A phishing attack at an organization can push all associated customers, business partners, and employees towards cyber threats that can have long-lasting and life-altering implications. Hence, it is the responsibility of business owners to ensure phishing attack prevention at all times. The following headlines are about the latest cyberattacks that have compromised the personal information of millions:
Cyber Attack Hits Swinburne University Of Technology
The Swinburne University of Technology in Australia recently discovered one of its databases online. The database contained event registration information for multiple events from 2013 to the present day. The exposed data included the names, email addresses, phone numbers of approximately 5,200 Swinburne staff and a hundred Swinburne students, and some 200 external parties and individuals who registered for the events.
As part of its phishing protection measures, the university has informed the Victorian Education Department, the Office of the Victorian Information Commissioner (OVIC), the Australian Information Commissioner (OAIC), and the Tertiary Education Quality and Standards Agency (TEQSA). Further, it has brought down the web page and is investigating other similar university sites for breaches. The university apologized and extended support to those affected by the breach and reached out to the 200 individuals outside Swinburne whose details were compromised.
Supply Chain Attack Hits Codecov
A supply chain attack recently hit the code statistics solutions and code testing provider Codecov. The attackers had been exploiting a vulnerability in the Docker image creation process in Codecov’s product Bash Uploader. The attackers compromised the Bash Uploader script on 31st January and added a credentials harvester to it. Consequently, the adversaries intercepted all code coverage reports submitted for analysis and extracted user credentials.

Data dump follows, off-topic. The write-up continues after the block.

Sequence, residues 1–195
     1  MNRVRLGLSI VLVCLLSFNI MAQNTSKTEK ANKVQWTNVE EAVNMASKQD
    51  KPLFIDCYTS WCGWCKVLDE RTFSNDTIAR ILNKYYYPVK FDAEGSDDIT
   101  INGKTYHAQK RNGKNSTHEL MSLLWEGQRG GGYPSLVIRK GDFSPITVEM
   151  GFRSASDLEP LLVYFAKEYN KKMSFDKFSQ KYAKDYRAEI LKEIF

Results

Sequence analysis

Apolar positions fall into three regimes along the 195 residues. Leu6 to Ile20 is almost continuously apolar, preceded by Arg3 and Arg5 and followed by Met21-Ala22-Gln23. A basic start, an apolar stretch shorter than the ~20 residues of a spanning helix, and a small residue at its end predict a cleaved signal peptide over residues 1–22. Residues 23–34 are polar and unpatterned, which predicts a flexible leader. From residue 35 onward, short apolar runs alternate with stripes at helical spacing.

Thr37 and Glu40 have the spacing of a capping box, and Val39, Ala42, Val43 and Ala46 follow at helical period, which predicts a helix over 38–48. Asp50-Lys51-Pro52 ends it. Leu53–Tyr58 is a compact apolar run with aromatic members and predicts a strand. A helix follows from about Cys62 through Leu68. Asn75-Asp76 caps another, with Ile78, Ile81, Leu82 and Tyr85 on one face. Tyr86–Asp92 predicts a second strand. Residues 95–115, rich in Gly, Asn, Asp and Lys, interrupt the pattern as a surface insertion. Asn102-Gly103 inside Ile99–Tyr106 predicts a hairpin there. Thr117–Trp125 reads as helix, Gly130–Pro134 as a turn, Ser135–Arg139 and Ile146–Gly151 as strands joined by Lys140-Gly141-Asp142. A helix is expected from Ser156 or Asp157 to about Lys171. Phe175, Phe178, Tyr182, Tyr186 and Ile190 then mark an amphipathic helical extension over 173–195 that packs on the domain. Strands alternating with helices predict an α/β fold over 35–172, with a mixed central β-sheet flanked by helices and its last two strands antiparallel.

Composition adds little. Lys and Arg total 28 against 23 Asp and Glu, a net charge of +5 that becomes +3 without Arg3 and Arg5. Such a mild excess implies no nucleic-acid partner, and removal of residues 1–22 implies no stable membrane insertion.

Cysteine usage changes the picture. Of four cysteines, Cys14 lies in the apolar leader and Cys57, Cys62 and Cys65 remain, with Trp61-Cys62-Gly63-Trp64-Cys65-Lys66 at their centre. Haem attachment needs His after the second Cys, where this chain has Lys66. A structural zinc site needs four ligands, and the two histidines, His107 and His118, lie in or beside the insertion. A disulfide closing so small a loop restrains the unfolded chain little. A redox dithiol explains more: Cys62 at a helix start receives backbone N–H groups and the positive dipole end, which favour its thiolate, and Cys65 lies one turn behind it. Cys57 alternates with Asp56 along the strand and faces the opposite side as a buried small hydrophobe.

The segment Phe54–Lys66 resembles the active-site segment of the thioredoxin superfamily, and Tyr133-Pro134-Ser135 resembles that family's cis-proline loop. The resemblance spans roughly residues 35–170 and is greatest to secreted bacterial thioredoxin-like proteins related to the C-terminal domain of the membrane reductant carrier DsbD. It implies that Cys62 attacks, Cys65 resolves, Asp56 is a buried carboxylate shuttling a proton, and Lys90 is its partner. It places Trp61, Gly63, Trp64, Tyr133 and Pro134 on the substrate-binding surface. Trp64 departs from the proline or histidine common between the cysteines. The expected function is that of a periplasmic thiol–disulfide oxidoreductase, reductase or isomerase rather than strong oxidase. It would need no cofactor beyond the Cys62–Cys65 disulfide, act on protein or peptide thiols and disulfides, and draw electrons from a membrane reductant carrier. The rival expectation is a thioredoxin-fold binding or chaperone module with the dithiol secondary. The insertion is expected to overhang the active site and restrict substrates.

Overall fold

Codecov discovered the breach on 1st April and has been taking anti-phishing measures since then. It has collaborated with a forensics firm to investigate the breach and is sending out alerts and notifications to customers. The Codecov customers include GoDaddy, P&G, the Washington Post, Atlassian, Tile, Webflow, and Dollar Shave Club. While the Bash Uploader script alone is affected, the impacts can be seen in other products embedded in the script. These include the Codecov Bitrise Step, the Codecov-actions uploader for Github, and the Codecov CircleCl Orb. All Codecov customers who used these tools are advised to take measures to prevent phishing attacks.
Cyberattack Hits the University Of Hertfordshire
The University of Hertfordshire recently underwent a cyberattack that brought down its entire IT system. All cloud-based services, the email system, the Wi-Fi network, and the student portal went down abruptly on 14th April. The students also complained of disruption in accessing the Office 365 services like Teams and services like Zoom and Canvas.
As part of its anti-phishing protection measures, the university published a post on its website informing everyone of the breach. It ensured students that the IT team is working hard to restore systems as soon as possible. The university also notified that all classes stand canceled for 15th April and that pending assignments and late submissions caused thereof will not affect learners’ grades.
Indian Company Bizongo Leaves 643 GB Data Unprotected Online
The Indian online packaging giant Bizongo recently left a misconfigured AWS S3 data bucket unprotected online. Almost anyone on the internet could easily access the vast treasure trove of customer data stored on this Bizongo bucket.